Coasters as notes Silicone Coaster Notz protect furniture surfaces and are beautiful in the bargain. From Modern Twist, they come in a variety of patterns. We especially like the frosted Birds 'N Trees design. Style them as personalized placecards or jot down wine notes using a ballpoint pen, then simply wipe clean. Food trivia your game? Foodies will enjoy testing their knowledge of the people, places, culture and history of food with this fun trivia game. Try this quick quiz: 1. What queen comes from Joliet, Ill.?
NEWS
April 28, 1991 | By Marilou Regan, Special to The Inquirer
The leather is still surprisingly supple for a catcher's mitt that is almost 75 years old. But it does show its age right in the center, where baseballs must have pounded it hundreds, no thousands, of times. With its backing and lining made out of cloth, the mitt, dated 1917, is a reminder of the glory days of baseball, a time when the sport was a symbol of boyhood innocence. "Baseball gloves really hold a whole lot of history. Each one is unique and has its own story," said Shelly Farber, a Media lawyer who owns the 1917 mitt.
NEWS
June 18, 2000 | By Molly Gilbert
Before my athletic career was forced upon me, I was not remotely interested in sports. My dad, however, was determined. Having no sons, he was intent on all of his three girls becoming star athletes. Imagine my enthusiasm one second-grade evening when my dad came home with a brand new baseball glove that "had my name written all over it. " It was stiff, hard and complex-looking, with little leather strings tied all over it. We would mold it, he said, and make the leather nice and soft, just like his. That night, Daddy showed me how to break in my new mitt.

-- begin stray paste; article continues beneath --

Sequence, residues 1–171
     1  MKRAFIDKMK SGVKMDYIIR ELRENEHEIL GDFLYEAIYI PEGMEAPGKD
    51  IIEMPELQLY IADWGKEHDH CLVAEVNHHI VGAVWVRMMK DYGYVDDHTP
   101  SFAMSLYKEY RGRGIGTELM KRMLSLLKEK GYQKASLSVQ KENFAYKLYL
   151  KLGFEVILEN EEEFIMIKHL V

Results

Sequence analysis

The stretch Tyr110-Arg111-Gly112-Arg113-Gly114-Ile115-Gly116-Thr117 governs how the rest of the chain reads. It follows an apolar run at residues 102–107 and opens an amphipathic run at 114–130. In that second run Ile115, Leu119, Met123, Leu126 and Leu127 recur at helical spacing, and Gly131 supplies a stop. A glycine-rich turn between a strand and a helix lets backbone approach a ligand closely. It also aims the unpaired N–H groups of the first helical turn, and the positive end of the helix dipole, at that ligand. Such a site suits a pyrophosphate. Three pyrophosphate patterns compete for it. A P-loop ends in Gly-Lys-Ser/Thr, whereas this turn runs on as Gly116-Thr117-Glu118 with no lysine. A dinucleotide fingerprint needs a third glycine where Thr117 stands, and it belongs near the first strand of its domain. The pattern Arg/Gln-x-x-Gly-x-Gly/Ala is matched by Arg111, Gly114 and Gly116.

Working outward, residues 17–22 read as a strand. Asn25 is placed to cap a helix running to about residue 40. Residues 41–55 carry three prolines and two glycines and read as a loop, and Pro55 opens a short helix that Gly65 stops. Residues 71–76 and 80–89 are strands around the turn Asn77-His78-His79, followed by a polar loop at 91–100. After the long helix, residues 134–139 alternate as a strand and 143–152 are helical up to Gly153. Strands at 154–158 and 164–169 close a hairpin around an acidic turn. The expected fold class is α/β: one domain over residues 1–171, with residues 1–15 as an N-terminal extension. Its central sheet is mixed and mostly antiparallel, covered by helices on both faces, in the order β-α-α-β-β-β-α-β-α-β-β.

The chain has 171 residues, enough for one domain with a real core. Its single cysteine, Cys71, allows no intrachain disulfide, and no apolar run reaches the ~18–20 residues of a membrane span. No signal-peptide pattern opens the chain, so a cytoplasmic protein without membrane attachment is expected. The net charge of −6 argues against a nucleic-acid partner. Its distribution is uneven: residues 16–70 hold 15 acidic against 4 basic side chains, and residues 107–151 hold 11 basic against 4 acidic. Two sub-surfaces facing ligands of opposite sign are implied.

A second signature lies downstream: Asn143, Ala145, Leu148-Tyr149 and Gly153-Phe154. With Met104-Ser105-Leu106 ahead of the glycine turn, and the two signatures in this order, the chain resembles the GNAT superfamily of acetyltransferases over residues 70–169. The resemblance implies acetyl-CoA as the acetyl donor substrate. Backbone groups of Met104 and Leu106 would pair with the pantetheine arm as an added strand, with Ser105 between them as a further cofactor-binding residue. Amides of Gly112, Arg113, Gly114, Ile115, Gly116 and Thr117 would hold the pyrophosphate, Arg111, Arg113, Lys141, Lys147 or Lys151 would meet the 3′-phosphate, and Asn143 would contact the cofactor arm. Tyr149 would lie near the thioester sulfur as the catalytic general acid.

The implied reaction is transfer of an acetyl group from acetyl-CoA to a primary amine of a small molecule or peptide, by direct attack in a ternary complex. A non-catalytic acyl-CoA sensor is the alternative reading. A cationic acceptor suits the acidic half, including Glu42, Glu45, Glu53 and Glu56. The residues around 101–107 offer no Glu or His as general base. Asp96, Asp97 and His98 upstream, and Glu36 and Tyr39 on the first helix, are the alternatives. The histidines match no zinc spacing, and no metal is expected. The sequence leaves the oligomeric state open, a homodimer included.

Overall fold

ENTERTAINMENT
November 28, 2012
I'M NO Mitt Romney fan. He reminds me of Don Draper - the tough-talking, chain-smoking, woman-chasing ad executive from the hit AMC series "Mad Men. " You can't tell me Mitt doesn't use Brylcreem on his hair and wear clothes from the '60s. I bet when he's at home, he dons his Rat Pack getup - complete with black suit, durable shoes, and skinny tie - the same outfit Don Draper wears when he's chasing his secretary around the desk. Which brings me to my point. Mitt's views on women are a bit old-fashioned, and unfortunately for him, he paid for it at the polls.
SPORTS
July 11, 2005 | By Sam Carchidi INQUIRER STAFF WRITER
First baseman Pete Rose is credited with making one of the most famous plays in Phillies history, grabbing a foul ball that deflected off the mitt of catcher Bob Boone in the last inning of the club's title-clinching win in the 1980 World Series. Boone begs to differ with that interpretation. "Look at it again, and you'll see that Pete messed that play up," a smiling Boone said the other day. With one out in the top of the ninth inning and the Phillies holding a 4-1 lead over the Kansas City Royals in Game 6, Frank White sent a twisting, bases-loaded foul pop-up toward the home team's dugout at Veterans Stadium.